They told us it was coming, but it was still a very strange way to spend Labor Day. There we were, wearing summer attire as we covered plants to protect them from the elements. Not the heat; the cold.
The weather in Colorado has been exceedingly hot over the past weeks. Sunday the temperature in Denver reached over 100 degrees. It cooled down to 95 degrees on Labor Day Monday. The trees haven’t even starting changing colors. School just started. Winter was in a galaxy far, far away.
Except it wasn’t. Because the weather folks told us that sometime during the night on Monday, the temperature was going to drop faster than the coyote’s anvil on the Roadrunner cartoons. While the high reached 95 on Monday, on Tuesday, the high was 36 degrees when I jumped out of bed at 6:30, and continued to drop throughout the day.
It rained in our part of Denver for most of the day, but it changed to snow about 4 o’clock in the afternoon. It stuck to the grass, but the sidewalks were still hot from the 90-some degree temperature of the day before, and so the snowflakes melted as soon as the touched the concrete.
This weather pattern, of course, isn’t terribly unusual. I can’t blame it on 2020, though it being a catastrophic year doesn’t help. In fact, last year in October or November, the weather did the same thing. It happened a year or so before that as well. I know, because when the temperature drops so quickly and to such a degree, the bushes in front of our house get very unhappy. They’re fine if the temperatures drop gradually as they are supposed to, but the Big Drop is a killer.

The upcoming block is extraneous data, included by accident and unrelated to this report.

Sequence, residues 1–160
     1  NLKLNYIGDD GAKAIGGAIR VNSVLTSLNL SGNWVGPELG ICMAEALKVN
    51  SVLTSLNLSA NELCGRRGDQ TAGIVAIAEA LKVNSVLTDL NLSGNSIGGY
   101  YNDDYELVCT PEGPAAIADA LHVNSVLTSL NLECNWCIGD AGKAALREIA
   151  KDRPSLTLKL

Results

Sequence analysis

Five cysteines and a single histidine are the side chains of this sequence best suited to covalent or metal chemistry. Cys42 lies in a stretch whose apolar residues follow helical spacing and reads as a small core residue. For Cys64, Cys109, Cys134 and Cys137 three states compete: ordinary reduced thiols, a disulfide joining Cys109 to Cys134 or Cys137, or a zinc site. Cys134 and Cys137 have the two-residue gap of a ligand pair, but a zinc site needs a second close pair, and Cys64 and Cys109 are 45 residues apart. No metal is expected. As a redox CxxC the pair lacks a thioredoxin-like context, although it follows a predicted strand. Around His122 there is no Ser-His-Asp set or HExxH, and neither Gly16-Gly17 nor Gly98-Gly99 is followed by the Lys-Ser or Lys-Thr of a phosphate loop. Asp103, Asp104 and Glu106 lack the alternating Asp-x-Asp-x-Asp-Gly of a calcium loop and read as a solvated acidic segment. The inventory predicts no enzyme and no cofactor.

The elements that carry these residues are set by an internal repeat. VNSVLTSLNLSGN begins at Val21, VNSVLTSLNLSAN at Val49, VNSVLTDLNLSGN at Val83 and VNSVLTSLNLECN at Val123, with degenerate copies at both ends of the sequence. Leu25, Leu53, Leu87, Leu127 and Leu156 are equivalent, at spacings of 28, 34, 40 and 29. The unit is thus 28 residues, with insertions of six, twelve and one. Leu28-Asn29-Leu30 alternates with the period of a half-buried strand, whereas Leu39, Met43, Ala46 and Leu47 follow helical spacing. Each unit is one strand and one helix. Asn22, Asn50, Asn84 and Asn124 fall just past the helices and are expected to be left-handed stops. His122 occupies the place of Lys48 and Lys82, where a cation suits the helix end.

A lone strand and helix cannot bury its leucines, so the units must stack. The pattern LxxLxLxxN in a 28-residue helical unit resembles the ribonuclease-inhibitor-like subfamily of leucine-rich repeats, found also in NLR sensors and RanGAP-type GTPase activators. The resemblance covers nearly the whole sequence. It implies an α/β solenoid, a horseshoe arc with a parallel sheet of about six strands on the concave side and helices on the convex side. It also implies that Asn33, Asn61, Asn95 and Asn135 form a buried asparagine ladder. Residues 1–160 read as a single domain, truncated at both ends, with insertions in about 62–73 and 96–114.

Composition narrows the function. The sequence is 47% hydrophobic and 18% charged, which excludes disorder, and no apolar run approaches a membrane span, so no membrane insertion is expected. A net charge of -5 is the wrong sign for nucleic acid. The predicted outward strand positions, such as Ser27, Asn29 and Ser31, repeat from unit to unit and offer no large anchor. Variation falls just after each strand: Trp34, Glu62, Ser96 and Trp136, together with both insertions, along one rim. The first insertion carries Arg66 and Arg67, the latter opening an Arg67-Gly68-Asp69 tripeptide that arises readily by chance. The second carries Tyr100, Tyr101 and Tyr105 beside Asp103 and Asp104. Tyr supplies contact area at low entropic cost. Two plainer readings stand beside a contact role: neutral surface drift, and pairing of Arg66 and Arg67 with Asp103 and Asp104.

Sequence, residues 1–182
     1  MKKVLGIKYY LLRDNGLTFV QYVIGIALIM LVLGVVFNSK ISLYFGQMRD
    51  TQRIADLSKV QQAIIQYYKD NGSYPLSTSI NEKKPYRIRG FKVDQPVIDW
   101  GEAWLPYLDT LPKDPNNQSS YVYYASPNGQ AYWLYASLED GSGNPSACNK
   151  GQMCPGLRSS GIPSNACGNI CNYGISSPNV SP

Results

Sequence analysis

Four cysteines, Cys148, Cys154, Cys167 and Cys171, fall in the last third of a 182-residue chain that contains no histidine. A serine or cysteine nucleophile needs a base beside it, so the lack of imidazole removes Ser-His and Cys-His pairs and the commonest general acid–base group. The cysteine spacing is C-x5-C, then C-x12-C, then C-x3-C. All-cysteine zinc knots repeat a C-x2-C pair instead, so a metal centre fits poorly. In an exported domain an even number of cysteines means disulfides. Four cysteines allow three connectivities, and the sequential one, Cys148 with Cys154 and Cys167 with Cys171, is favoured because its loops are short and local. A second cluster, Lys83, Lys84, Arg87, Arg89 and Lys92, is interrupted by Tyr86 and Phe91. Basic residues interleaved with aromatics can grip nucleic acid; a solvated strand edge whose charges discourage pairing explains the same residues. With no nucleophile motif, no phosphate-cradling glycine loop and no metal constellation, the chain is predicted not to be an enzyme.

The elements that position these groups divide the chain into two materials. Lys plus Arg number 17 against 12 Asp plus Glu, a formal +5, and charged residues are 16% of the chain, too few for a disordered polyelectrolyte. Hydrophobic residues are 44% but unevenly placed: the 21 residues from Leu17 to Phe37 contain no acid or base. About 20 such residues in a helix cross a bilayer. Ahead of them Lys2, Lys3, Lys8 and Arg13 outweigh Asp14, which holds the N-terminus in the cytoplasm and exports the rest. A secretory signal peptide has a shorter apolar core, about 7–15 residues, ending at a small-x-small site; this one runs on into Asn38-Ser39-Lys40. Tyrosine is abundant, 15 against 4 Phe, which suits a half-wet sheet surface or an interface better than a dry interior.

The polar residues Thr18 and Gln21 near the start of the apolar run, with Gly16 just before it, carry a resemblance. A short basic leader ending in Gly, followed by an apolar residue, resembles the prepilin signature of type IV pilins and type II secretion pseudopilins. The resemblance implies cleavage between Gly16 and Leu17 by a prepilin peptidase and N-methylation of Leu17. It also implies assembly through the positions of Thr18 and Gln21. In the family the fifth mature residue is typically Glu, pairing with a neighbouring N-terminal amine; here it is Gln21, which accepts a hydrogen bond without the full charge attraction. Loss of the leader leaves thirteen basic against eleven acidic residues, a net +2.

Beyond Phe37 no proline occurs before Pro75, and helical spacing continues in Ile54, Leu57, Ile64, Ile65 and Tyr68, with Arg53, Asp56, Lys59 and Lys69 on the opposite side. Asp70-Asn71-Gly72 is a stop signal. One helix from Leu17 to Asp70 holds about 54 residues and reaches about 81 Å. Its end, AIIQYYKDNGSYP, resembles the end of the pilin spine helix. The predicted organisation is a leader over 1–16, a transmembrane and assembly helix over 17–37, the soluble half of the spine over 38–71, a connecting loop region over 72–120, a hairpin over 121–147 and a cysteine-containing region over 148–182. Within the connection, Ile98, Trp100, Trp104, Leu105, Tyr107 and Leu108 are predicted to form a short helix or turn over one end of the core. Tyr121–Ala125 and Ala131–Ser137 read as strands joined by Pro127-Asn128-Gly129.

This spring when we arrived home from AZ, our bushes looked dead dead dead. I gave them no hope. Bill, of course, was a bit more optimistic. Even he, however, began talking about pulling them out and replacing them with something less persnickety. Like the juniper bushes that we pulled out years ago. Nope, I said. Never go backwards.
Our daughter-in-law Jll was the one who said we should be patient. “They’re not such bad little trees,” she said in her best Linus impression. And she was right. It took patience and tender loving care, but they came back strong.
And now, once again, we were facing the Big Drop. So we were out in the 95 degree temperature putting blankets over our trees on Monday. We look like hillbillies…..
…but our hope is that the trees are saved.
We weren’t the only ones covering plants in 95 degree weather. Most of our neighbors had a few plants covered. I was happy to say goodbye to my tomato plants, which, while still giving me tomatoes, was looking very sad. I put my herb pot in the garage.
The neighborhood was deadly quiet yesterday. No dog walkers. No cars driving by. I guess people were busy braising dinner in their ovens and getting ready to take their long winter’s nap.
By the end of next weekend, the temperature will be in the mid-80s.